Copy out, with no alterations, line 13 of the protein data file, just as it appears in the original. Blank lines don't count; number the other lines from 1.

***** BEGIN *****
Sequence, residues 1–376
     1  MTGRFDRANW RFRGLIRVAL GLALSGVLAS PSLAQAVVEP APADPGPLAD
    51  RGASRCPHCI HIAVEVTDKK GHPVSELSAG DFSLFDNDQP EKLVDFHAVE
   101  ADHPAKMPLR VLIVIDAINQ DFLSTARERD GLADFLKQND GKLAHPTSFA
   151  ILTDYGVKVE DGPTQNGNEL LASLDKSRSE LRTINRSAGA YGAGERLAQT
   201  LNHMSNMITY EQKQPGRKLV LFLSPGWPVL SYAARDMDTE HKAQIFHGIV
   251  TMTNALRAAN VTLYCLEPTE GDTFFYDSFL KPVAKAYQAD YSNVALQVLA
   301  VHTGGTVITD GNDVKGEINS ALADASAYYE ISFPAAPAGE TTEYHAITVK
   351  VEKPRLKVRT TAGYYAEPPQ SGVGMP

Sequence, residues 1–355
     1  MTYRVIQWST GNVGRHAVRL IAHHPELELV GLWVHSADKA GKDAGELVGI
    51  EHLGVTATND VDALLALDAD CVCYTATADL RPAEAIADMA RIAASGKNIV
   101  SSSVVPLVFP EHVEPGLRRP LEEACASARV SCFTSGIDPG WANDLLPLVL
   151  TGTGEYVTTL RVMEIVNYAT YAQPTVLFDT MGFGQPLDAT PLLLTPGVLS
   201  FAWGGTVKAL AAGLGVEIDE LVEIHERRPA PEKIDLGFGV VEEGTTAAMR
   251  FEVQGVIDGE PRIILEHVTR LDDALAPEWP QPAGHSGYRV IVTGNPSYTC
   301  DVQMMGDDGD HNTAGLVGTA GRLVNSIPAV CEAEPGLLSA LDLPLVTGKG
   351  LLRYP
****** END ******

   101  SSSVVPLVFP EHVEPGLRRP LEEACASARV SCFTSGIDPG WANDLLPLVL